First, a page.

Wednesday, May 13, 2020

Unemployment Rate Nears Depression Level

My mother told me stories of her parents feeding people passing through Kansas and Colorado in the 1930s looking for work, many coming from the rail yards, and in the 2008-10 Great Recession, nearly everyone had some financial hard times. But, the latest unemployment rate recorded for the month of April was at 14.7 percent, well beyond the Great Recession and approaching the hardships of the 1930s when one out of every four workers was out of work.

The U.S. Department of Labor reported that 20.5 million workers lost their jobs in April, erasing the jobs gained since the last recession. And, another 6 million Americans were unemployed, but not counted due to not looking for work because they believed they would be called back to their previous jobs. The last time the unemployment rate was this high was at the end of the Great Depression (1940) and before the start of WWII.

Hospitality and Leisure Industry
Not surprising, the hardest hit sectors are the hospitality and leisure industry, professional services, retail and health totaling more than 13 of the 20 million out of work. The job types not affected are those that require physical presence that can’t be automated. Many are now considered essential, such as food workers, retail sales (grocery, convenience stores), hospital workers and home health aides, often lower paid with fewer benefits.

The unemployment is not spread equally among Americans. More women (15.5%) are unemployed than men (13%), and more Hispanic (18.2%) and black (16.3%) workers than white (13.6%). The unemployed mostly lack and/or only have high school degrees (38.5%). Only 8 percent of the 20 million unemployed are college graduates or higher.

Unemployment Claims
The weekly report of new unemployment claims continue to decline from the initial high of over 6 million per week to 3.2 million in the latest report. But, it is a sign that layoffs and furloughs continue at a high rate after 7 weeks from the start of the shutdown in the 3rd week of March.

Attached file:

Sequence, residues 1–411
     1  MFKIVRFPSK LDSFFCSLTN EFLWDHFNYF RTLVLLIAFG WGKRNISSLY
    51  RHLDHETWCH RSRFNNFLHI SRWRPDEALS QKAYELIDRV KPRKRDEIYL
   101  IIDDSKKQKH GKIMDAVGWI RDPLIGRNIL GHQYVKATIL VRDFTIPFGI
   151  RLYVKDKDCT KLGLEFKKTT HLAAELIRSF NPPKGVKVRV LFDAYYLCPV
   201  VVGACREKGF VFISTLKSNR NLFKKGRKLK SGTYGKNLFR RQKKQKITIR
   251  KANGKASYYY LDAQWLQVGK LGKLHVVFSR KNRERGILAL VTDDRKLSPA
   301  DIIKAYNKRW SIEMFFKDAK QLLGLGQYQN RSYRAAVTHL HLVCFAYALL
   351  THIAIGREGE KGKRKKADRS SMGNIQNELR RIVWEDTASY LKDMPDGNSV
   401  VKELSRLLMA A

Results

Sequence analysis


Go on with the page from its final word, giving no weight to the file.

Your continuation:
The Wall Street Journal article, “Hope for Speedy Rebound Dim” (5-12-20) captures the growing consensus among economists and the business community that the recovery will be long and difficult. As described in previous blogs on the pandemic (The Twin Towers of Pain series), a host of economic, psychological and health factors will affect the recovery – especially the behavior of consumers, patients, students, office employees, sports participants and others as they assess the risk of various activities. I suggested a recovery in the shape of the letter “L” with a long slope up after the initial drop. The WSJ says some expect a NIKE logo-style “Swoosh” recovery is most likely. In either case, slow and cautious.

See The Buzz:
The Twin Towers of Pain
The Twin Towers of Pain: Part Two
The Twin Towers of Pain: Part Three
The Twin Towers of Pain: Part Four

1 comment:

Dave Barnes said...

What does the WSJ know?
The Dumpster® and his feckless son-in-law say we are good to go.